So, when we walked in the door, there were thousands of framed photos of patrons, some famous, some not; most with fish... but the most interesting were these:

... Our kind of place eh?

Especially when you see that THIS was the view from our lunch table:

Then for dinner, we decide to go out again sparing anyone from cooking; and I picked out another place right on the water... This time literally ON the water; a floating restaurant on Lake Coeur D'Alene (about 45 minutes south of us).

Again, a spectacular view seems to me a wonderful sauce for a supper:

That was the view out the window at our table, about three feet off the water.

Friday, May 07, 2010


Well, it's 306 for the Tories, and they don't have 20 seats to form a coalition, without pulling in the LibDems.

Well... unless by some miracle SinnFein formed a coalition with the Tories... Which is about as likely as Obama firing Biden and naming Duncan Hunter his vice president.

The LibDems are actually closer to the conservatives on economic issues than they are with Labour (for one thing, Labour is explicitly socialist, while the LibDems are about evenly split between social democrats, and free market liberals) but they have four basic policy planks that are fundamentally opposed to the conservatives principles: Eurocentrism, proportional representation, fixed term parliaments (like in the U.S.), and the elimination of the house of lords. There is no way the LibDems could form a long term coalition, without those issues being on the agenda; and there is no way the conservatives can do that.

On the other side of things, LibDem and Labour together still couldn't form a 326 seat government; never mind the illegitimacy question. They would need to get an additional 11 seats in their coalition, which dramatically weakens their offer, and their potential government.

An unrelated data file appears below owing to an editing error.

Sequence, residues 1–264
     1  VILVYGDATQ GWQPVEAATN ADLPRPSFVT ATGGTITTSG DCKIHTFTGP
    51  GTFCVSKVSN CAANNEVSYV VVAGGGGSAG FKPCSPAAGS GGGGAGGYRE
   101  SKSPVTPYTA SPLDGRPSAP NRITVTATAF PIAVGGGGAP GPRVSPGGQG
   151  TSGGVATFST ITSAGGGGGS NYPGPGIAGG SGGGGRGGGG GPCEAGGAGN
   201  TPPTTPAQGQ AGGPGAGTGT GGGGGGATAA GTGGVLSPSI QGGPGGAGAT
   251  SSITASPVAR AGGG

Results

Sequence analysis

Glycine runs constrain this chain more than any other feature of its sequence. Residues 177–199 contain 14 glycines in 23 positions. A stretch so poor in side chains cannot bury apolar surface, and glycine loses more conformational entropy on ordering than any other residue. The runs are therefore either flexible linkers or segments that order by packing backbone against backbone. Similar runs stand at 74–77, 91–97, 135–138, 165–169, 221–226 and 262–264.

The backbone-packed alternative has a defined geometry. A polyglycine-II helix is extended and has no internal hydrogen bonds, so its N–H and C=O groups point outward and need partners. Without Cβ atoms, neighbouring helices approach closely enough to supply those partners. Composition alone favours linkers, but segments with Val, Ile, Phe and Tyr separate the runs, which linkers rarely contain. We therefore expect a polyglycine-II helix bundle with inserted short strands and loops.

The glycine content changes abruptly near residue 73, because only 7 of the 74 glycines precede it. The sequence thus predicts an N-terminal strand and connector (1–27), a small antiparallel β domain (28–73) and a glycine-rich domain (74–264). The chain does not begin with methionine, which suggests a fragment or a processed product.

There are only four seats Labour can really count on as aligning with them: Sinn Fein is anti-tory but is HIGHLY unlikely to join a labour coalition (and most of their seats wouldn't be voting anyway, weakening any notional coalition further); The SNP and PC are opportunistic here, but Labour simply can't give them a good enough deal to keep them loyal; the DUP would rather cut their own throats than conference with Labour... They'd basically get the SDLP and Green seats, and everything else is up for grabs...

Camerons offered Clegg the deal... If Clegg is smart, he's going to hold a little bidding war (a PRIVATE bidding war to avoid the bad PR, but a bidding war nonetheless). In the end, he'll still probably go with the conservatives (as I noted in a previous post, trying to form a government with Labour right now would be suicidal) but he'll be able to wring some serious bribes... uhhh concessions... from Cameron.

I do not think this bodes well for Great Britain friends...

My final prediction for the Tories...

309... That's what I think looking at the 40 or so constituencies that haven't returned yet as of 9 am over there.

That means, if the DUP, SNP, and PC all go with the Conservatives (which would be likely in that event, even given the rather radical philosophical differences); they will have a majority coalition, and will be able to form a government... Though how long, how stable, and how effective a government...

And of course, the Conservatives could form a coalition with the LibDems, but that's looking more unlikely as the night/day wears on.

On the extreme side of things, Labour are talking openly about not giving up the government... which would be an unmitigated disaster, and I think Nick Clegg is smarter than that. I'm honestly not sure if Gordon Brown is though.